As designers, we understand that incorporating a neutral is important to creating a balance in a home. A home can't have color everywhere...it needs something to break it up. The neutral plays a part in making certain colors pop and also gives the eyes a place to rest. So when we walk into a home and are discussing colors with clients, we typically ask them, which neutral are you--grey or beige? This question is important for a number of reasons...for starters, you'd be surprised that many people have a serious preference. They either really like gray or they hate it and vice versa. But beyond that, the neutral that someone prefers can really dictate a lot about the rest of the colors that are incorporated. Greys are often times paired with cooler, brighter colors because many greys have a blue base which is on the cool spectrum. Whereas beiges are often times paired with warmer, muddier colors because many beiges have a yellow base which is on the warm spectrum.
All that to say, it's important to know your neutral! Maybe you're not sure and you're in the camp that sort of thinks you could go either way. And that isn't necessarily an impossibility. Some people do like both, but you always sort of lean towards one or the other. Consider these things--do you prefer oil rubbed bronze finishes and warmer wood tones? (you might be a beige person) or do you like the brushed nickel and chrome (you might be a grey person)? Is bright white too harsh for you (beige person)? Would you prefer a creamy off-white because it seems a little softer and more inviting (beige person)? What about counter tops and stone? Do you love calacatta marble and clean quartz surfaces (gray person)?
Once you've picked your neutral, you can really start developing a color story for your home that works best around that color. When we're doing a white kitchen in a home, we don't just pick any white, we pick a white that will look better on a warmer wall or a cooler wall...same for counter tops, back splash, floors. The wall color has to coordinate and there are just some materials that look better with warmer colors while other look better with cooler colors.
If you're a beige person, consider these things when planning your color store. For starters, beige needs something to contrast it. Something to pop. Unlike all white spaces that fall into the cooler category (with gray), an all beige space just looks blah. It might feel warm but it can look boring. You HAVE to bring in a darker element or even a lighter element to balance out the muddy undertones of a beige room. This can be a dark wood which would still keep the earthy element of a beige space while also balancing it. When selecting color, go for softer shades that aren't so clear. A bright blue or bright orange will feel disconnected in a beige room. Rather, a pale blue or green will balance the beige out nicely.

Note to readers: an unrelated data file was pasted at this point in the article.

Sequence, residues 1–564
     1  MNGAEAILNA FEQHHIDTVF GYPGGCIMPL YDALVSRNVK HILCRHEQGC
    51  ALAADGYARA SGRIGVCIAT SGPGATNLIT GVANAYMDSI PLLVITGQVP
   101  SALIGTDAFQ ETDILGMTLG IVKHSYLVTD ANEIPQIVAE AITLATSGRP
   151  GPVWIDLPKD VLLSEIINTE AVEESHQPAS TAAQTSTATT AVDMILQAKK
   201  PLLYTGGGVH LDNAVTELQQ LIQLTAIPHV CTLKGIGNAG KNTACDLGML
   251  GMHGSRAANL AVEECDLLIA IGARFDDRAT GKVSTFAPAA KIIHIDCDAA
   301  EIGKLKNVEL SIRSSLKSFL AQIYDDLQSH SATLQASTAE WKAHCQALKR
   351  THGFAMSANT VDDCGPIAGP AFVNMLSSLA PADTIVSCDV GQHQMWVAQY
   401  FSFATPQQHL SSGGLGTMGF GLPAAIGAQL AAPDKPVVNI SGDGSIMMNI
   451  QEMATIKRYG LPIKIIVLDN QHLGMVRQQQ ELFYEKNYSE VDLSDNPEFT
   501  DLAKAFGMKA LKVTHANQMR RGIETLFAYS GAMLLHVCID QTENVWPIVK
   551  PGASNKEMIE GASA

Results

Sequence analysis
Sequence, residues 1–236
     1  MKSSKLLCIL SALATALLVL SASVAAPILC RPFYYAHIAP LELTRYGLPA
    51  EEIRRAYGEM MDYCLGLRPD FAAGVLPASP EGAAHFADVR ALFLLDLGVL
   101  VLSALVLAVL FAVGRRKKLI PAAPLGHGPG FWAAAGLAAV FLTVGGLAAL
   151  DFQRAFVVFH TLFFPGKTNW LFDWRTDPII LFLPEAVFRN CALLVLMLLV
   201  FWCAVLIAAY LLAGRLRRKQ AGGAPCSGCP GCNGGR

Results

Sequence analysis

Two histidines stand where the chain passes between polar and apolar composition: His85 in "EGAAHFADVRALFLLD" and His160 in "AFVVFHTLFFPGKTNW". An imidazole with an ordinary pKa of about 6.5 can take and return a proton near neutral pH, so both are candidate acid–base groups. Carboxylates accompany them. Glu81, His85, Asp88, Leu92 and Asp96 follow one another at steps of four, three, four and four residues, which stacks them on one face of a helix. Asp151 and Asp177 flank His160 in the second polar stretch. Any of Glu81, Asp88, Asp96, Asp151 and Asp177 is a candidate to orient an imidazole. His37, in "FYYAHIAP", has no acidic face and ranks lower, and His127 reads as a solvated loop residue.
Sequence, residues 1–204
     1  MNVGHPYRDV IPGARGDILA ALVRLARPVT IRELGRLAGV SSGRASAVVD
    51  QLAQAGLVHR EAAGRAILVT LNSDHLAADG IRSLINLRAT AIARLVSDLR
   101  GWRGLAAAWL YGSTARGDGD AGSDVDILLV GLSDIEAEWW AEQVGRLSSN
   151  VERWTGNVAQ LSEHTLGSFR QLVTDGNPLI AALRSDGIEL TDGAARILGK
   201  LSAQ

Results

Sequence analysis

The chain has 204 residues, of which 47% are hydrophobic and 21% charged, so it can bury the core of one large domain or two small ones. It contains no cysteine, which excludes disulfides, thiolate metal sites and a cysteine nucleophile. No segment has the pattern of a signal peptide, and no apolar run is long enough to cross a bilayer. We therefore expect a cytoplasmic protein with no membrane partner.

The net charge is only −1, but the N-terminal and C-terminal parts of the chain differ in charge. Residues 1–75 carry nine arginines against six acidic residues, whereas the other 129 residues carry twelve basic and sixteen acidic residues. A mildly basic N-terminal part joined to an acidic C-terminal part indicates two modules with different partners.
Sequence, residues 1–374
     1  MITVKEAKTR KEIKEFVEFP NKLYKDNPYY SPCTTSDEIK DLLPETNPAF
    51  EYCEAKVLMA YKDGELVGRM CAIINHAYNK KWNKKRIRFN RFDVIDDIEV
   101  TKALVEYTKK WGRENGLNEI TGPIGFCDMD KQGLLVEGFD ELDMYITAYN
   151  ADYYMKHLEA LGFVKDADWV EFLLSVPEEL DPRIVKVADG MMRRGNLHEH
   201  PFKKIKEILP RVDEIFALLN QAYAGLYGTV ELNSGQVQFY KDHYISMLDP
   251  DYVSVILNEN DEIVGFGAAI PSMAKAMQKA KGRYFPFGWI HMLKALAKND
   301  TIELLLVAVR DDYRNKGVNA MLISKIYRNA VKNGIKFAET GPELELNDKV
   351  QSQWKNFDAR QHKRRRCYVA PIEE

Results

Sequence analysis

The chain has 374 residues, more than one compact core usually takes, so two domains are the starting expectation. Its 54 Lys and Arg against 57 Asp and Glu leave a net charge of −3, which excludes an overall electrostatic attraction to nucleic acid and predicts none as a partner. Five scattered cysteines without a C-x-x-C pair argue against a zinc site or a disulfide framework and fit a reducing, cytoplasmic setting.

If you're a grey person but you still want some warmth, don't forget that you can bring in texture to add warmth. Maybe go a little darker in your grey selection and pair it with a warm wood. It will create the warmth and contrast that a grey rooms needs. When selecting colors that work well with grey, go with brighter, clearer colors. These colors have a similar value to the grey with more white in them than brown or yellow and will keep the flow of the space.
If you still feel unsure of whether or not you could decide between beige and grey and only use one throughout the house, think about your floors. What color are they? If your floors already have a lot of beige undertones, you might be stuck...but don't worry, there's good news! There are paint colors out there that mix the grey and beige to create a color that can sort of work with both. You still have to be careful with mixing the colors in furniture and fabrics but at least you have a compromise on your walls!